On June first, we went to visit Zorig Chusom, an institute for teaching the thirteen traditional arts of Bhutan. The programs in this institute range from three to six years, depending on the art studied. Previous to this visit we had a class with Wangchuk, our Dzongkha instructor, on the different arts that are traditional to Bhutan. The thirteen arts are: wood work (Shingzo), stone carving (Dozo), text writing (Parzo), painting (Lhazo), sculpture (Jimzo), casting (Lugzo), wood turning (Shagzo), blacksmithing (Garzo), ornament making (Troe ko), bamboo work (Tsherzo), paper making (Dezo), tailoring/embroidery (Tshemzo), and weaving (Thagzo).

We were dropped off at the Thimphu Zorig Chusum campus, in front of the building that houses its administration and gift shop, faced by a garden with a big sculpture of the four harmonious friends.. We followed Wangchuk, and after a little while we were let into a room that had a u-shaped table with four young guys carving wooden images of the wheel of the Buddhist dharma. On the s the wall was a display of work that they had previously done as well as works that lay ahead in the curriculum. We were told that they not only work the wood but must also manufacture their own tools.

The next room was the classroom for clay sculpting, where six students were working on clay images of crowned figures who sat astride snow lions, which stood about a foot tall. In Bhutan, the technique for preparing clay for sculpting includes adding fibers from the dafne tree to the clay to give it a consistency that allows for making figures that have arms, legs, or other narrow projections coming out of the main body of the piece. Regular clay does not allow this kind of work since it does not have the consistency or strength required, and collapses. The work was impressive; to the eyes of somebody who is not an expert (like us), the figures looked as perfect as the ones one encounters in temples, maybe they were, we wouldn’t know. Some looked closer to being done, with the sculptor working on the last details; some others still lacked heads or limbs. As with the students working on carving wood, these students also made their own tools and prepared their own clay.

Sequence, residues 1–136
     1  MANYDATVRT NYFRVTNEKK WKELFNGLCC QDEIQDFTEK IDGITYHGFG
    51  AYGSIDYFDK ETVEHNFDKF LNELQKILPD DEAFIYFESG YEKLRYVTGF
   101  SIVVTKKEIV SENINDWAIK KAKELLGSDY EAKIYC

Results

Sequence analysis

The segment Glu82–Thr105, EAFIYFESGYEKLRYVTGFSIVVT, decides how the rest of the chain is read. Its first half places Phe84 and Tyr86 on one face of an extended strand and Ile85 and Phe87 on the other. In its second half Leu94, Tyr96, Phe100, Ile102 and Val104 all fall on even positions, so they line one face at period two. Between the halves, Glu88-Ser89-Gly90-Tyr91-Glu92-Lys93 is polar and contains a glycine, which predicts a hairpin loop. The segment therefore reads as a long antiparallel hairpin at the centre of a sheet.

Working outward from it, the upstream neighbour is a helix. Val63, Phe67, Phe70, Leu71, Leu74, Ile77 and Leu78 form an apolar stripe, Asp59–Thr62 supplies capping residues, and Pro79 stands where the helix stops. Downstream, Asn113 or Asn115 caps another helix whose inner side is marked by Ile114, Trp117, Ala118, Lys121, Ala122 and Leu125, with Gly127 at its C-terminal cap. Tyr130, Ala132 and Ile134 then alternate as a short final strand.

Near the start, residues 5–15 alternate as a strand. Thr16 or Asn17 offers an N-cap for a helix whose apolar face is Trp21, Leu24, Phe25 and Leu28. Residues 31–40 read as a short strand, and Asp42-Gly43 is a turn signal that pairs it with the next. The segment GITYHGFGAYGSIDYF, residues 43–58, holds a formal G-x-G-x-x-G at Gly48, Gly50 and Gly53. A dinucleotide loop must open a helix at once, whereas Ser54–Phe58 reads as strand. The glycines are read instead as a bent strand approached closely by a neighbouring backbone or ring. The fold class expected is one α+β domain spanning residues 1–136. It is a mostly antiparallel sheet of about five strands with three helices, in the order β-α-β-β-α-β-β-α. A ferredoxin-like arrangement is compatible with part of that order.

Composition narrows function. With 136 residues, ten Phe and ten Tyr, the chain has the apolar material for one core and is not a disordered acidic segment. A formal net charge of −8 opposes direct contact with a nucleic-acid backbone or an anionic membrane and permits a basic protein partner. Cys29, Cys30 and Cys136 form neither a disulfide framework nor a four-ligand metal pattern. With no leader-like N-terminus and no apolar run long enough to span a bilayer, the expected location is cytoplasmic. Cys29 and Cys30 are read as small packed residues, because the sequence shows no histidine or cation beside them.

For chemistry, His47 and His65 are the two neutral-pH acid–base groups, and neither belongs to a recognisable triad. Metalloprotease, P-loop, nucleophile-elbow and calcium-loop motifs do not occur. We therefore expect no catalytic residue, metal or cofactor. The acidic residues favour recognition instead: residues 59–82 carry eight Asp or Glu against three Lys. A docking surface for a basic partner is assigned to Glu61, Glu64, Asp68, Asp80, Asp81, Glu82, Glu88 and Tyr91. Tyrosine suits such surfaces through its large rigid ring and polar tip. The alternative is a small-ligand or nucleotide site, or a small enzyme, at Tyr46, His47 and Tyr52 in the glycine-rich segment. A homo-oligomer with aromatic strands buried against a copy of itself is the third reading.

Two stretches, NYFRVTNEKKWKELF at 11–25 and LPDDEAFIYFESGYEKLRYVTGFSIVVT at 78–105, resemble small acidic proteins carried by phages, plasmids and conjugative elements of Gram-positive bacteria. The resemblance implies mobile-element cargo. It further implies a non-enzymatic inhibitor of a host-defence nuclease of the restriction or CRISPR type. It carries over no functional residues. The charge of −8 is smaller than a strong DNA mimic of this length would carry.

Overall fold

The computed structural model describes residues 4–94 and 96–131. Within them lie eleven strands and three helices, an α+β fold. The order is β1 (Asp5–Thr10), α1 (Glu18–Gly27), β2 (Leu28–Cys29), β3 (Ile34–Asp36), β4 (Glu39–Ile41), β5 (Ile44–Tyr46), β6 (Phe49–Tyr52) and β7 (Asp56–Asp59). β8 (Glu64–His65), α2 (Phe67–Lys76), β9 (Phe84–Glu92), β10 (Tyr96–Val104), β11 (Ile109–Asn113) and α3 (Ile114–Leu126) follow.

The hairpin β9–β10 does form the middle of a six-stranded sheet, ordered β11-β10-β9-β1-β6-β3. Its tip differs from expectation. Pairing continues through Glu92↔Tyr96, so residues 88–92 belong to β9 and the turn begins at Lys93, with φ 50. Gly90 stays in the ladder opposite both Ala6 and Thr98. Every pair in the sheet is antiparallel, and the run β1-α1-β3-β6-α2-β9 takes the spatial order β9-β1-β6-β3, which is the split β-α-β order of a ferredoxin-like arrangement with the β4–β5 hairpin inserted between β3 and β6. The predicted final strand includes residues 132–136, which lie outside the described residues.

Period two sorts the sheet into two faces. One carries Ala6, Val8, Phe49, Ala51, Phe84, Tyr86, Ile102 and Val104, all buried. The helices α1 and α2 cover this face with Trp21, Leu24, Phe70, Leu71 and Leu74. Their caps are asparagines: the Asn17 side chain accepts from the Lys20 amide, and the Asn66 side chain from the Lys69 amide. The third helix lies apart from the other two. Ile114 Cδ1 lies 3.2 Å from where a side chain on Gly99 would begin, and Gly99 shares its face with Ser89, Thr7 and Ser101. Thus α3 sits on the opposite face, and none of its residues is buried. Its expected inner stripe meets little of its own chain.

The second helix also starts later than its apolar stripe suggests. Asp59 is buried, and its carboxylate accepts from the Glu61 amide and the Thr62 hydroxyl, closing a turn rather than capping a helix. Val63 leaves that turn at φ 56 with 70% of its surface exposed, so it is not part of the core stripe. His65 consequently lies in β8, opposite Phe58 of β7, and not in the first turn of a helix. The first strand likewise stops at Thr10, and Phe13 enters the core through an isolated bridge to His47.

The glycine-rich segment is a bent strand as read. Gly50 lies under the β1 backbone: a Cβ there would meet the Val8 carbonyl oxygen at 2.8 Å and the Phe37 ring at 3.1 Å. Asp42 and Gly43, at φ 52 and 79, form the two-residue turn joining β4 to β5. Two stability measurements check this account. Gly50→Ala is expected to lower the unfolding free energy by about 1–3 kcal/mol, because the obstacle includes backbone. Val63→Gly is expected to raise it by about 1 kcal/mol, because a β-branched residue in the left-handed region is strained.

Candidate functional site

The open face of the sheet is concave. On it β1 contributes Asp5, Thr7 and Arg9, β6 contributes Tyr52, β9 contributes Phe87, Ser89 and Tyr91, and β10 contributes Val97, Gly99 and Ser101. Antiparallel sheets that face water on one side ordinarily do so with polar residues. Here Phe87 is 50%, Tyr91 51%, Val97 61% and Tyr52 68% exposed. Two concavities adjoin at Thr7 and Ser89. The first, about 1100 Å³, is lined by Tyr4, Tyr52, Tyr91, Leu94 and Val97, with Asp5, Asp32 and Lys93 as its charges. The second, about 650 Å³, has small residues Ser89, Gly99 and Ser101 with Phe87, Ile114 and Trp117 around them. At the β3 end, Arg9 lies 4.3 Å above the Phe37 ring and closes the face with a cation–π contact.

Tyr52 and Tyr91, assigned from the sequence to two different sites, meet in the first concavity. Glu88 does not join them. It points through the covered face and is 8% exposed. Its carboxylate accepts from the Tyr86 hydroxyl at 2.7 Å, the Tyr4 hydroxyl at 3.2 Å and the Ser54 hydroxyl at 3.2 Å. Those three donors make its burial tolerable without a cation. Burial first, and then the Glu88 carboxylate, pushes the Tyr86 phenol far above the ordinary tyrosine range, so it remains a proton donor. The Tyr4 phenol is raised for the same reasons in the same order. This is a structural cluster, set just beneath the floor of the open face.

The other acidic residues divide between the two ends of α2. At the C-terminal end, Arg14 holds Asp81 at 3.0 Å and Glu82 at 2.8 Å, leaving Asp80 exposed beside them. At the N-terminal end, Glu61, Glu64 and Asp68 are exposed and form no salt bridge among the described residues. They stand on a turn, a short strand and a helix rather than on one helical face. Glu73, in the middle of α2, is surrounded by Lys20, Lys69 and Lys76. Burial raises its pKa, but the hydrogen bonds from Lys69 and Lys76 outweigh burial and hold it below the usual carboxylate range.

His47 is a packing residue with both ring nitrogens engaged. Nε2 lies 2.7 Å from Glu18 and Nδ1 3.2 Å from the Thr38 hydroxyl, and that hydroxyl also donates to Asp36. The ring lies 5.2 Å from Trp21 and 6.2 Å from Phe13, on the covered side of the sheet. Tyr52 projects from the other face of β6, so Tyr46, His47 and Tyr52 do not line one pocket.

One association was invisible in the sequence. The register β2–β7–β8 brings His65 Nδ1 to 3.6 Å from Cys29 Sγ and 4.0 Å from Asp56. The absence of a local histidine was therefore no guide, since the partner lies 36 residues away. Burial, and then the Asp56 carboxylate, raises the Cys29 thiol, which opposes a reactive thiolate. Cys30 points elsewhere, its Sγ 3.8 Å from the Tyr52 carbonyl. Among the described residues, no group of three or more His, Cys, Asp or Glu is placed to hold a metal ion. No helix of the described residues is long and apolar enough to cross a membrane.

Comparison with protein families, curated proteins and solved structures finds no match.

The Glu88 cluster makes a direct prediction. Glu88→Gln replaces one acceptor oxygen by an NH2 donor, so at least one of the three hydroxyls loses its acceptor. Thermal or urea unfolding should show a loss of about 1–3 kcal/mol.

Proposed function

Embroidery I, Sara's Classmates

Then we went to the sewing section. The room was full of rows of pedal (not electric) sewing machines, and in front stood two manikins dressed in clothes the that the students had made. The next room was embroidery. This one was especially exciting because Sara is working at Zorig Chusum giving English lessons in exchange for embroidery classes. We got to see the project she was working on as well as the work other students were doing. Embroidery I consisted of small projects like doing flowers and clouds. Embroidery II taught students how to make very big pieces, such as thondrols.

The next place we visited was the most mind-blowing for me: shoes, and more specifically high heel shoes. This was something that none of us were expecting to see there, as this was the painting room. The shoe style was of very tall wedge made out of wood, carved and painted with dragons or clouds or Buddhist icons. Then a sole, straps and other finishing touches were added to create the most awesome shoes I have ever seen in my life.

Ana in her element (and Prof. Owens's hat)

This was the last stop before the show room; naturally I ran over to see if I could buy a pair of the shoes. Unfortunately they didn’t have them for sale; in fact the lady at the show room didn’t seem to know what I was talking about when I mentioned them. Professor Owens thought that maybe they were making them for the fashion show that was going to take place soon, but it proved that the shoes had been specially commissioned by a designer. On the bright side, the show room was full of art that the students had made, including sculptures, tangkhas, embroidery, carvings, and clothing. Some people bought carvings and some others of us bought fun clothes made out of traditional gho fabric. On our way to our final stop we went into a traditional boot store which custom made boots for men and women.